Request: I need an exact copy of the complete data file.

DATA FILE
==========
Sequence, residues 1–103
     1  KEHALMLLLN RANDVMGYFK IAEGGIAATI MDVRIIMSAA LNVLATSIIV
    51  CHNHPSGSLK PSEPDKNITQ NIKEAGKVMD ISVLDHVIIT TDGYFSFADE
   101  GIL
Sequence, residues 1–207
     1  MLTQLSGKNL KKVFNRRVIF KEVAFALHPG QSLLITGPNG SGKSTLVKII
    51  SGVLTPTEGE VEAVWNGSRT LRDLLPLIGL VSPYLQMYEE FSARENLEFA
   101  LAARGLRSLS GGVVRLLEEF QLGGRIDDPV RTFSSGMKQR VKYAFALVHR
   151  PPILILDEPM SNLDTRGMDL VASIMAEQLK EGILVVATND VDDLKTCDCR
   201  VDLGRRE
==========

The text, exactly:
Sequence, residues 1–103
     1  KEHALMLLLN RANDVMGYFK IAEGGIAATI MDVRIIMSAA LNVLATSIIV
    51  CHNHPSGSLK PSEPDKNITQ NIKEAGKVMD ISVLDHVIIT TDGYFSFADE
   101  GIL
Sequence, residues 1–207
     1  MLTQLSGKNL KKVFNRRVIF KEVAFALHPG QSLLITGPNG SGKSTLVKII
    51  SGVLTPTEGE VEAVWNGSRT LRDLLPLIGL VSPYLQMYEE FSARENLEFA
   101  LAARGLRSLS GGVVRLLEEF QLGGRIDDPV RTFSSGMKQR VKYAFALVHR
   151  PPILILDEPM SNLDTRGMDL VASIMAEQLK EGILVVATND VDDLKTCDCR
   201  VDLGRRE